I am not a religious nut. I believe in something so why am I nuts (I do not slate you for being an atheist so why belittle me?)... All I ask for is respect to practice my religion in Arab lands in the same way they (Islam) demand religious freedoms in the West & SA. What is so wrong about that? Is it truly too much to ask for? I have nothing to say about Islam accept to defend myself when I am called a non-believer because it hurts - nothing more nothing less. Why should dish respect if I am called names? Four Christians were murdered yesterday for being ‘Christian’ in Cairo – is it wrong for me to speak up? Am I a ‘religious-nut’ for speaking up for a persecuted minority in Egypt? If these 4 were killed in some random crime I could recognize it as just normal crime - but they were murdered for being Christians - so why is it a crime to stand up for them? The only nut job here is you - for if you have been to Israel you would see Israeli Jews, Christians and Muslims living in peace and not the propaganda you are fed by the media. The Israeli - Palestinian conflict is just that, a conflict between two people - but to describe Israel proper as fascist or criminal just because they stand up and defend themselves is nonsense. Israel is an island of freedom in a vast see of hatred. Christians are not persecuted in Israel! Gays are not hung in the streets like they are in Iran. Women have full rights unlike Saudi etc etc

  • Michael Ndalama Mwale - 2013-04-07 22:28

    Love them or hate them, the Jews are here to stay. If there is one race that I admire the most, it is the Jews. For what would we be in this world if it was not the intelligence of the Jews? The civilisation that we are enjoying today, underpinned by the technological advancements that have made our lives so comfortable is all courtesy of the Jews.

      GB Garratt - 2013-04-08 04:23

      I share your sentiments but it would be fairer to state that Jews made a very significant contribution to science and many of the advances we enjoy today. Certainly ground breaking scientists like Newton and Darwin were not Jews. Anti-Semitism is simply the last refuge of the dull who have lost the race and envy those who worked harder to succeed.

      Larry - 2013-04-08 06:43

      Appreciate the sentiment, however we do not acknowledge this. Too busy with making this world a better place for our children.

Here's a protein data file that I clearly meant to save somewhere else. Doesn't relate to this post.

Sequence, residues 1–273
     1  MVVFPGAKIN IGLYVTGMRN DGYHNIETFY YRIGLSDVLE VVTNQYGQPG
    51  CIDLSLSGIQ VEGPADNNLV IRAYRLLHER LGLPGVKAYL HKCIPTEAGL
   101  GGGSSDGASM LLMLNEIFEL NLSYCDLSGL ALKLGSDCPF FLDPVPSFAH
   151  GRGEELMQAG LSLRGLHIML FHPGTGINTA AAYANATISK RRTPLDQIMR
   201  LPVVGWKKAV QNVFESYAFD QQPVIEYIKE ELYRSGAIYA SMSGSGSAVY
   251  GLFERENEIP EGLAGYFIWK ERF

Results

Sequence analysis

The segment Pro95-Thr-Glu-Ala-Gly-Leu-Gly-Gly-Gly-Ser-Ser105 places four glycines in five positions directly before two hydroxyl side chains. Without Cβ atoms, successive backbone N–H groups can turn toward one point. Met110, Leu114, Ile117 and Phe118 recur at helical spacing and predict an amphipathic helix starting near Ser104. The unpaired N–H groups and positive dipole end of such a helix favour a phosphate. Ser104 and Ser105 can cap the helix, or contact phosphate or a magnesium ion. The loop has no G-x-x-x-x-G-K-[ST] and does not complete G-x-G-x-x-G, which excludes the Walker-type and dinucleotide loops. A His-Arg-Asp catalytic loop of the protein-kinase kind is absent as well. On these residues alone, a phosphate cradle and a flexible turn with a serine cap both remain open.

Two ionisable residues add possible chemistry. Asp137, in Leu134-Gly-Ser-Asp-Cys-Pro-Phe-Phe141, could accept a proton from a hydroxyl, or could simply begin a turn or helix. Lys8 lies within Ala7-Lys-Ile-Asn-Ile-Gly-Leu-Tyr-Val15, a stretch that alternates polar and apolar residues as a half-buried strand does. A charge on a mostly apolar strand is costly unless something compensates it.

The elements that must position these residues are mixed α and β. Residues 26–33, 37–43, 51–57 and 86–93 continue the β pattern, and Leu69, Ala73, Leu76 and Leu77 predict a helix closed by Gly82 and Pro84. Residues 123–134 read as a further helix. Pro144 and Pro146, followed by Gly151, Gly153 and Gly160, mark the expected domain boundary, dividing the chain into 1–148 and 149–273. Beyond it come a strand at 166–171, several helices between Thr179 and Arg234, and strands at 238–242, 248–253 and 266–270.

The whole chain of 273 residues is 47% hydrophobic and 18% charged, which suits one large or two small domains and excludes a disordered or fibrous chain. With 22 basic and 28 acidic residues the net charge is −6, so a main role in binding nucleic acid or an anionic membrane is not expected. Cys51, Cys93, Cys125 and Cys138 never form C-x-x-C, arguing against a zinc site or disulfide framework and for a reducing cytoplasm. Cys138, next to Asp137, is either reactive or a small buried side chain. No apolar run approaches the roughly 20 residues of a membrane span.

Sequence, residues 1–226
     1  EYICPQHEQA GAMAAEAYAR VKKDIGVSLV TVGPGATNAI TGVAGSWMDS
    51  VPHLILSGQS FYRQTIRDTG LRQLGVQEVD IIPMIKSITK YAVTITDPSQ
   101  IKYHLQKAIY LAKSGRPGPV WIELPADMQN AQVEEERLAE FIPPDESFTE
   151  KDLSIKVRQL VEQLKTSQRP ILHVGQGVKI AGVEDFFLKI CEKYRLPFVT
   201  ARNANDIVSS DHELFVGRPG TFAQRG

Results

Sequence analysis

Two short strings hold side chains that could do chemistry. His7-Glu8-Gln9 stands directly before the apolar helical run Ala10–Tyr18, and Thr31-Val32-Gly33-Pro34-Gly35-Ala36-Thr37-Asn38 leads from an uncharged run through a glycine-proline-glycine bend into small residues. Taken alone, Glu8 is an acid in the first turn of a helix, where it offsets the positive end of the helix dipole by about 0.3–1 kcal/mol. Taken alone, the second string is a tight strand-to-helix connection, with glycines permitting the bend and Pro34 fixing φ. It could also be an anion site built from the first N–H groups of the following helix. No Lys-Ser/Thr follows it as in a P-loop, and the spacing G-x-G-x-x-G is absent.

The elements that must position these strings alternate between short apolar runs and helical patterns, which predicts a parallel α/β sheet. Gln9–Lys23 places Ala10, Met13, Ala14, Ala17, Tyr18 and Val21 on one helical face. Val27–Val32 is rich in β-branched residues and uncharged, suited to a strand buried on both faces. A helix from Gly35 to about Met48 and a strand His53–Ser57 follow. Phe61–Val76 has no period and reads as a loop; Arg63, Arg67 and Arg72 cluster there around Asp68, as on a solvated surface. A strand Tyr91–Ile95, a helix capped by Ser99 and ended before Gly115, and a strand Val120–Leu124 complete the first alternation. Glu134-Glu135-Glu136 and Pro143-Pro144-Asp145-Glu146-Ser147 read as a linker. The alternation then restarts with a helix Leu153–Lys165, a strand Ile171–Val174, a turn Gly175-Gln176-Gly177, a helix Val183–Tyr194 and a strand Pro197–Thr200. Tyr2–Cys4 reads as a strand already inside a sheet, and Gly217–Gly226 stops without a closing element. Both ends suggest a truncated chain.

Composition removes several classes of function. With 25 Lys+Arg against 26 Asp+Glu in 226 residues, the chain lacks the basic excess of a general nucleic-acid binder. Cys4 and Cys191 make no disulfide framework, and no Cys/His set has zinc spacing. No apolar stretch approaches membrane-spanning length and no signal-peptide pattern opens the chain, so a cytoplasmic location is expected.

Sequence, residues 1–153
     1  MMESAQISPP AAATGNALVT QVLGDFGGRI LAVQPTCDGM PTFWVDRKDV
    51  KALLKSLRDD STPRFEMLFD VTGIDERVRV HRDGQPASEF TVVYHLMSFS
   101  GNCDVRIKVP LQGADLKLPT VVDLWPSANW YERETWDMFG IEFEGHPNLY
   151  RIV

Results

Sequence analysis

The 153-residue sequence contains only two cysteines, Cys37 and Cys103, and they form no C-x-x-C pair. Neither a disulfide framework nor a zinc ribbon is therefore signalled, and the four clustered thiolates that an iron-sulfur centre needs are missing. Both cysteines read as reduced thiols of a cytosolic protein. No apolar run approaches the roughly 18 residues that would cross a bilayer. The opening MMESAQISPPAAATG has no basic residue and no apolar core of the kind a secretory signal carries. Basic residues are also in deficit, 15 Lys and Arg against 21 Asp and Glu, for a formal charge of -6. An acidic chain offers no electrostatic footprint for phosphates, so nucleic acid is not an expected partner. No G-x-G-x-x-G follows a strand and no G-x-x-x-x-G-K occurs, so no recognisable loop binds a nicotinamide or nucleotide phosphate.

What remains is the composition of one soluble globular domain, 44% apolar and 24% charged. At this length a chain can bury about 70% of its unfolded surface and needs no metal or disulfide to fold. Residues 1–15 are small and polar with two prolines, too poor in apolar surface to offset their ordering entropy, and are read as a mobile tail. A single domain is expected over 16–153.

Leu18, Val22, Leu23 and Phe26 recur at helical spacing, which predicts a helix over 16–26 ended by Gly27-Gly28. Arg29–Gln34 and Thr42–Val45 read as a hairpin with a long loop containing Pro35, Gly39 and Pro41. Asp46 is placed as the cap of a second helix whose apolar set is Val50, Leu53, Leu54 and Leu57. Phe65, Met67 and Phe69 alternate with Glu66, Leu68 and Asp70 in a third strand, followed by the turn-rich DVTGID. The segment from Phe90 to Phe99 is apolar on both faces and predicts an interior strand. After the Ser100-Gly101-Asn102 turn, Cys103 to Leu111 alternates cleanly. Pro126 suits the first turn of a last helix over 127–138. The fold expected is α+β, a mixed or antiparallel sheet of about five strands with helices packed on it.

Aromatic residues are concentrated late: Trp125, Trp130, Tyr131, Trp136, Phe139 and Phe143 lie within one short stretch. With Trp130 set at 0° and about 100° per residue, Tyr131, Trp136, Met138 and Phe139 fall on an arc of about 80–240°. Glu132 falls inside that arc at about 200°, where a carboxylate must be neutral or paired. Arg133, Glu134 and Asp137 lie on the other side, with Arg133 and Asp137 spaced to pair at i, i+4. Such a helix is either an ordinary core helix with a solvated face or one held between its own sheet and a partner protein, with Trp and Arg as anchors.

Fidel Chavista - 2013-04-08 06:43

      Can't people like you try and address the actual article without trying to paint Jews as the only true begetters of civilisation. The world and the human race are older than the Zionist state. How much of what you consider "Jewish technology" (If there was such a thing) is really stuff coming partly from Israel/Jews and partly from other places and people.

      Arné Verhoef - 2013-04-08 06:54

      Larry, 'Too busy with making this world a better place for our children', yeah, whilst killing other children. How about leaving better children to the world? Israel has broken 65 UN resolutions, and nothing has happened(Keep in mind Iraq only broke two), they are a tyrant state, and most certainly cannot complain about the violence of the jihadists, when they themselves are in the business of killing women and children, whilst imprisoning whole communities.

      GB Garratt - 2013-04-08 07:25

      Oh jeez. See the hatred spewed by the commentators. They hate each other for no reason other than they have different opinions as to what the invisible sky fairy is, does and wants them to do. And the sky fairy that is so flattered by both sides and is constantly begged to support one side or the other. The sky fairy does nothing. Absolutely never ever does anything at all but provide an excuse to make very comfortable livings for the preachermen. - 2013-04-08 08:38

      "Israel has broken 65 UN resolutions...Iraq only broke two" There are over 50 Arab & Muslim sates in the UN that constantly vote against ONE... add to that the natural anti-Semitism from some others… and one would be surprised that Israel doesn’t break 65 UN resolutions per day! Don’t get me wrong, I don’t think Israel's hands are clean, they have fought many wars in self defence and sometimes they make mistakes like the use of use of white phosphorus in Gaza in 2009 is a war crime for example. However, why are rockets fired from Palestinians schools and mosques into Israel by Hamas ignored by the UN? Why is Hamas’s use of human shields not condemned? When Sudan, Iran, (the old) Libya or Syria votes to sanction Israel on human rights - one has to start questioning the UN's legitimacy is condemning certain countries. The UN ignores the fact that Christians are been persecuted under Pakistan's blasphemy laws some ending in death sentences - over 40 years the UN has ignored every attempt to bring this to light. Or that fact that Gays are publicly executed in Iran to the UN's silence - plz Google "Mahmoud Asgari and Ayaz Marhoni" for the video and realise why I take everything the UN states with a pinch of salt.

  • pages:
  • 1